Last December, the Jewish Museum released our first “JM26” – a list of 26 events, ideas, and people that helped define the year’s Jewish cultural zeitgeist. We learned about Pope Francis and his love of Chagall, Justin Bieber’s declaration that Anne Frank would have been a “Belieber,” and that Thanksgiving and Hanukkah could form a wonderfully delicious merger known as “Thanksgivukkah.”
At the center of Masterpieces & Curiosities: A Russian-American Quilt, on view at the Jewish Museum through February 15, 2015, hangs one of the most intriguing, charming, and visually intricate objects in our collection. It’s a colorful quilt, originally owned by a Russian Jewish immigrant family. The quilt was assembled in America, incorporating panels probably embroidered in the Old Country. Its majesty and central placement within the gallery encourages visitors to thoroughly examine the beautiful patterns and motifs that make up its decoration.
The show is part three of our exciting new Masterpieces & Curiosities series. These are intimate essay exhibitions centered on a single work of art from the Museum’s permanent collection. They have already explored a medieval aquamanile ritual handwashing vessel and Diane Arbus’s important photograph A Jewish giant at home with his parents, in the Bronx, N.Y., 1970. A painting by Nicole Eisenman titled Seder and the Alfred Stieglitz photograph The Steerage are among the subjects of future Masterpieces & Curiosities exhibitions.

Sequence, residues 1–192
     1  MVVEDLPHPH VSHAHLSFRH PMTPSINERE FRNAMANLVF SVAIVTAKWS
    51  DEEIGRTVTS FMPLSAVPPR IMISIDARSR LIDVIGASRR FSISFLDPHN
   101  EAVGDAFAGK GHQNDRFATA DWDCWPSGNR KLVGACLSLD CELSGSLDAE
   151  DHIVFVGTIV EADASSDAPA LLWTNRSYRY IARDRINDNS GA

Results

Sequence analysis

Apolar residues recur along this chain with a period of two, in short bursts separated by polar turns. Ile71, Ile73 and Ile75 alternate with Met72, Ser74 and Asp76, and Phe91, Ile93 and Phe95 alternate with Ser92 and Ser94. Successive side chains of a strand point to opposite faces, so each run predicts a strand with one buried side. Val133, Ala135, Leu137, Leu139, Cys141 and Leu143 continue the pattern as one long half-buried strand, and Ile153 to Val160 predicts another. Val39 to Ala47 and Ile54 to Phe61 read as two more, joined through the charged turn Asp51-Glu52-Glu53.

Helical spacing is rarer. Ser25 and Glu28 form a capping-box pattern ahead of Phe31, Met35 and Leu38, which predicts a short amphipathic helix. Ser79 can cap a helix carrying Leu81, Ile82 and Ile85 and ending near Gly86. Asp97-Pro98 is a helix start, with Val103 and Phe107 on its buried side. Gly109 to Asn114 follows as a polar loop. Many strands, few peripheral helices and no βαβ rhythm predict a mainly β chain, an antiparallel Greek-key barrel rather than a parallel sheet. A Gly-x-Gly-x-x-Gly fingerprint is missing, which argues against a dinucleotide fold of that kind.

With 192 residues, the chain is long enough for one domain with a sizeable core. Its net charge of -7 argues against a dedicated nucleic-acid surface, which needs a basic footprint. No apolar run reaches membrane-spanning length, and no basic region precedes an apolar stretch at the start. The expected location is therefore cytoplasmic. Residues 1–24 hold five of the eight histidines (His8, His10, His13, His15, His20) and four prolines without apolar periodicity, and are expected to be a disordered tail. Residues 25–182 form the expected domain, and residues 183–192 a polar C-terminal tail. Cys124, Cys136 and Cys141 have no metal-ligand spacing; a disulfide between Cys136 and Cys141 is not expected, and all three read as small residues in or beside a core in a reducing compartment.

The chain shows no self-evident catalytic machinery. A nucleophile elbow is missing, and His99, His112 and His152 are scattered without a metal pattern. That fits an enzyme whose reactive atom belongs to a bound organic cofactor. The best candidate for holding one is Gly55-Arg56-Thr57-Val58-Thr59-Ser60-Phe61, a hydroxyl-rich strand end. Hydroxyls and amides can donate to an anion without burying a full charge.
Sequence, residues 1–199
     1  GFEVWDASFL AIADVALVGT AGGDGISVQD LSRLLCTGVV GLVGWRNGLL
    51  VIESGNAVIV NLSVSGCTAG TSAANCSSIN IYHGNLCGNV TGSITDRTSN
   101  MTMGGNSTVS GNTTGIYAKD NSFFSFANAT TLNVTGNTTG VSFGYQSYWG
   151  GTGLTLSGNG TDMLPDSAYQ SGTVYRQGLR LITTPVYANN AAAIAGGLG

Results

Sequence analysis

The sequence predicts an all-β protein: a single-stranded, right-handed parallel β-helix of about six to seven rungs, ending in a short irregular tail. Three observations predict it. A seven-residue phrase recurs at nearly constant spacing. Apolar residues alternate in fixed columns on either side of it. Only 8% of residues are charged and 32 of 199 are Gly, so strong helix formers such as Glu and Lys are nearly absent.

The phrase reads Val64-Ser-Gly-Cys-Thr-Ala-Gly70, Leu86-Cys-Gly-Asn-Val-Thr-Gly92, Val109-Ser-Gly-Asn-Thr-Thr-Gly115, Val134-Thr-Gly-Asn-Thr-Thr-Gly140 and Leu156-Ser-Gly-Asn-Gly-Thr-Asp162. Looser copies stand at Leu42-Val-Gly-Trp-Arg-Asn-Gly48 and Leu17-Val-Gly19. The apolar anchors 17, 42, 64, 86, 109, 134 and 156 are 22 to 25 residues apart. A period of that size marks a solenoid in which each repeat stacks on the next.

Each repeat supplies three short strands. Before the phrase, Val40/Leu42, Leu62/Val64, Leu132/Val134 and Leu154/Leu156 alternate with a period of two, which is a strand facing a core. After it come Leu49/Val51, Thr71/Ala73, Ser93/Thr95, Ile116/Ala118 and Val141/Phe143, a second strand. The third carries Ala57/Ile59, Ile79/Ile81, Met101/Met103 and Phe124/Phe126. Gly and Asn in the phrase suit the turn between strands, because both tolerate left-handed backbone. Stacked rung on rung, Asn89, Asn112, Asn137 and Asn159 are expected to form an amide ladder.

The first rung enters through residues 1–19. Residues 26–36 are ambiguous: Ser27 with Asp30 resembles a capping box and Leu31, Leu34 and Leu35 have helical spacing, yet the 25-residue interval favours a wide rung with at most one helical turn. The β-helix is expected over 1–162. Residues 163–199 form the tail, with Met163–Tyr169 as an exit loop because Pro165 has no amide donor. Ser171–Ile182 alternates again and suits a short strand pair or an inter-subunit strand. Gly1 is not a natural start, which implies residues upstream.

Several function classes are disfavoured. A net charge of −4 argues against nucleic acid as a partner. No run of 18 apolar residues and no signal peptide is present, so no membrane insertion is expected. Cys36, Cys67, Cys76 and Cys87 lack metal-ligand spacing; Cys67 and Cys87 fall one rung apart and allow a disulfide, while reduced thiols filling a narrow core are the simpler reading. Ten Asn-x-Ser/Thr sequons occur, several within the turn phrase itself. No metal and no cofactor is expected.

Helena Rubinstein: Beauty Is Power opened to the public on October 31, marking the first time a museum has explored this fascinating historic figure. Through the cosmetics empire and art collections Rubinstein built, Madame (as she was widely known) helped break down the status quo of taste, blurring boundaries between commerce, art, fashion, beauty, and design. Even in advance of the grand opening, Beauty Is Power had already attracted adulation from the press, including feature coverage in W magazine and The New York Times. Continue reading